in various ways. The Library also
has very accessible hours. [chuckle] We have our hours
posted on our website. I’m going to give you a review
of our website in a few minutes. The collections for both the
Library and the Archives are now in one catalog. If you used our different
catalogs a couple years ago, that changed about a year ago. In May, I think it was. And so everything was
deposited into one catalog, which makes it a lot
easier in a lot of ways, but change is always
interesting, too. [laughing] So having the archivists
and the librarians help you through this
is really core, and we try to make ourselves
pretty accessible in a lot of different ways. You can contact us
by e-mail, by phone, and then also just visiting. I do a lot of phone
consultations with people from around the country who have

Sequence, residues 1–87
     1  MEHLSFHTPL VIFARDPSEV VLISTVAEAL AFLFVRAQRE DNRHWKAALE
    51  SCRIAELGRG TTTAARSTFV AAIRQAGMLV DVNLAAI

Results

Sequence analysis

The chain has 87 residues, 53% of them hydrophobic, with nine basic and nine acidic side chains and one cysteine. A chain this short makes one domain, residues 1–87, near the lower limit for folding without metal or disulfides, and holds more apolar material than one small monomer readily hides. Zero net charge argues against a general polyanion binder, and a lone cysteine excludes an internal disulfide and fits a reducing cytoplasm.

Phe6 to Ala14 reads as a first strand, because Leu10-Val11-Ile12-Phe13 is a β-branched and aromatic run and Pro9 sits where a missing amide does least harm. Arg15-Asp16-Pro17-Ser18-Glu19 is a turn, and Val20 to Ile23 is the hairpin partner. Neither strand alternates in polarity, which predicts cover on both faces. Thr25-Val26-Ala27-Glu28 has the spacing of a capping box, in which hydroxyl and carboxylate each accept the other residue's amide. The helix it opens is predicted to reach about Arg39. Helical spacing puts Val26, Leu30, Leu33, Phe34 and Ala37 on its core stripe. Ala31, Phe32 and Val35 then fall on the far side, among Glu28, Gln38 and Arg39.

connections to Wisconsin. And people who are in this area,
who are coming in, or anywhere in Wisconsin
traveling to see us, I have consultations with them,
as well, to help them identify the paper
trail that will shed more light into the family history
that they’re researching. On-site, in the library,
and in the archives, we have technology that can help
you capture what you do find. So if you come to do
research at the Society, then you’re going to want
to bring a flash drive.
[chuckle] You can bring laptops. People have brought hand
scanners that can be used in the library, not necessarily
in the archives. It is a more secure area
in the archives because you’re dealing with
a lot of original documents. You have printers and scanners
so that if you come in and you have a book and
there is a portion of the book you want to scan to your flash
drive, it’s awesome. [chuckle] It makes it a lot easier
to capture that information then take it home
and read it when you get home. If you do make prints,